Redescription of Corallobothrium solidum (Cestoda: Proteocephalidea) and erection of a new genus, Essexiella, for tapeworms from channel catfishes (Ictaluridae).

  • publication
  • 05-07-2011

Scholz T, de Chambrier A, Mariaux J, Kuchta R. J. Parasitol. 2011 Dec;97(6):1142-51. 10.1645/GE-2705.1.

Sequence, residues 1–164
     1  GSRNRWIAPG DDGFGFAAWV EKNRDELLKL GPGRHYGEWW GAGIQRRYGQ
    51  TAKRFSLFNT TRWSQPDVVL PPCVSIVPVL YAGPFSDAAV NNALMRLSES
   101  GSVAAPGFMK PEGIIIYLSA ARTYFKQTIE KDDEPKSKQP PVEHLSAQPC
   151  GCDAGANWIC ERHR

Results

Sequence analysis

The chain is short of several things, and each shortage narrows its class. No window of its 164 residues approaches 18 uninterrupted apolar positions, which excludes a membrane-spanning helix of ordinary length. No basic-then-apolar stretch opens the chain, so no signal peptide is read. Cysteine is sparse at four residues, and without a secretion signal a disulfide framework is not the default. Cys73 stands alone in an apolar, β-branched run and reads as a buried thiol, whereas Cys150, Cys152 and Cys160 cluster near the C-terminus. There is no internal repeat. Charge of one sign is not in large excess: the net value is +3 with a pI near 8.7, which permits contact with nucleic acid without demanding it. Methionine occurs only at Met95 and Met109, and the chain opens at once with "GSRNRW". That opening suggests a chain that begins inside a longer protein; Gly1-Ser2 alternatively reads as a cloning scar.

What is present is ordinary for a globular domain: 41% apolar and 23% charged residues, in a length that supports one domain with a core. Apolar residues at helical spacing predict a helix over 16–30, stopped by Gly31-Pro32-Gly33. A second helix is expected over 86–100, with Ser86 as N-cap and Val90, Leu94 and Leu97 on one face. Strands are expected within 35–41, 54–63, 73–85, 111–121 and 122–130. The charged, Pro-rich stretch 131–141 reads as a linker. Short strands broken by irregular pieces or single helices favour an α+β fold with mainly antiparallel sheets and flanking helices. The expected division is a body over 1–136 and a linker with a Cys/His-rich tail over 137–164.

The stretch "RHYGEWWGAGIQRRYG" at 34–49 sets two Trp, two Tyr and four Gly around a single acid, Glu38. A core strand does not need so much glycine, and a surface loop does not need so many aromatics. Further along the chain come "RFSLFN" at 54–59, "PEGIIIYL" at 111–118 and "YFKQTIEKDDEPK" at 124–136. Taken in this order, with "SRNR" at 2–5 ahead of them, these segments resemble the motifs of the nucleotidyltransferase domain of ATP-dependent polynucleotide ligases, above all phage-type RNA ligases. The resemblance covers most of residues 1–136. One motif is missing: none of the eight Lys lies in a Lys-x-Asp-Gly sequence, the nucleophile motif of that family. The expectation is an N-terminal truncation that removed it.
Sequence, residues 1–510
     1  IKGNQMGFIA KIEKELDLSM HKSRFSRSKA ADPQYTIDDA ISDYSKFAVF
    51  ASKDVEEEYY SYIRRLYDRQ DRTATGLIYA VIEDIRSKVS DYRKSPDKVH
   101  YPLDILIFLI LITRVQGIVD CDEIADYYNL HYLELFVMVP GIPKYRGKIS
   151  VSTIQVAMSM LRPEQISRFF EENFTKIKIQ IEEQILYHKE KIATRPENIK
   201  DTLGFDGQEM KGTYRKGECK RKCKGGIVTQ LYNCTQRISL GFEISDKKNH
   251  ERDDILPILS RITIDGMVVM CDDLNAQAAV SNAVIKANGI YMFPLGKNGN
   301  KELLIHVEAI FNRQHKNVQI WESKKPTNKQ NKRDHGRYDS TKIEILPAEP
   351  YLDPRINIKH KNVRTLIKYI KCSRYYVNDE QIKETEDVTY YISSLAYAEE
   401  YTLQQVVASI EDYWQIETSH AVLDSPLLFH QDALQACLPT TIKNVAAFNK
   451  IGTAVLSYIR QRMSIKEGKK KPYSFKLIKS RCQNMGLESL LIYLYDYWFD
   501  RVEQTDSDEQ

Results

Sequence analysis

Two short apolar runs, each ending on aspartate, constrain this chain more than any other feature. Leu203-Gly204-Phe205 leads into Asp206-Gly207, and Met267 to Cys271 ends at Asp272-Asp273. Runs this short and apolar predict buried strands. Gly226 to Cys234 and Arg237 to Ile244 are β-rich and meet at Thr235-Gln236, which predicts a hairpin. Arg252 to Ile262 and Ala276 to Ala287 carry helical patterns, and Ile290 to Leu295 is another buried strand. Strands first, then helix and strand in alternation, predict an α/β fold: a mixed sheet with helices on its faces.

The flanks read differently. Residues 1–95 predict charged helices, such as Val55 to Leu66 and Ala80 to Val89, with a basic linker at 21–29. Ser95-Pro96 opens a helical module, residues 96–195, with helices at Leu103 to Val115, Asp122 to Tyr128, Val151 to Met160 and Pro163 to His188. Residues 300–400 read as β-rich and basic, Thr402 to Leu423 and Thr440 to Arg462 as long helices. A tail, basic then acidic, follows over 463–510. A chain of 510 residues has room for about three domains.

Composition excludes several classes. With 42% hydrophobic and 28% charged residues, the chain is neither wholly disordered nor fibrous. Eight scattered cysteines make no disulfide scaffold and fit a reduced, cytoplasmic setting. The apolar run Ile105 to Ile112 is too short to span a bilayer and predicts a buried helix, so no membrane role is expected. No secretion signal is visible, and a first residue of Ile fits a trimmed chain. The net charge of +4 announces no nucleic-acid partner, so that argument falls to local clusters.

The proteocephalidean tapeworm, Corallobothrium solidum, type species of the genus, is redescribed on the basis of the examination of its type specimens and extensive material recently collected from Malapterurus electricus (type host). Some morphological characteristics of taxonomic importance are reported for the first time, such as the presence of semispherical (U-shaped) sphincters on the external (outer) margin of the suckers, a vaginal sphincter, a well-developed seminal receptacle, and a unique morphology of the eggs. Corallobothrium solidum differs from the 2 remaining species of the genus, both parasitic in channel catfishes (Ictaluridae), in its scolex shape, morphology of its suckers, presence of longitudinal and transverse grooves on the body surface, dense network of excretory canals in the apical part of the scolex, morphology of the eggs, and uterine development. The non-monophyletic nature of Corallobothrium is further supported by molecular data (partial sequences of the 28S rRNA gene) because C. solidum and the 2 remaining species from ictalurids do not form a monophyletic assemblage. Therefore, Essexiella n. gen. is proposed to accommodate Essexiella fimbriatum new comb. (type and only species; syn. Corallobothrium fimbriatum) from channel catfish. Essexiella n. gen. differs from Corallobothrium, Megathylacoides, and Megathylacus by the absence of a sphincter in the suckers, from Corallotaenia by the shape of the scolex and the number and shape of proglottids, and from Paraproteocephalus by the structure of the uterus. The diagnosis of Corallobothrium, which becomes monotypic and restricted to electric catfishes in Africa, is emended. The remaining species of Corallobothrium, Corallobothrium parafimbriatum, is tentatively transferred to Corallotaenia as Corallotaenia parafimbriata n. comb., based on molecular data, small size of the strobila, and shape of the scolex.

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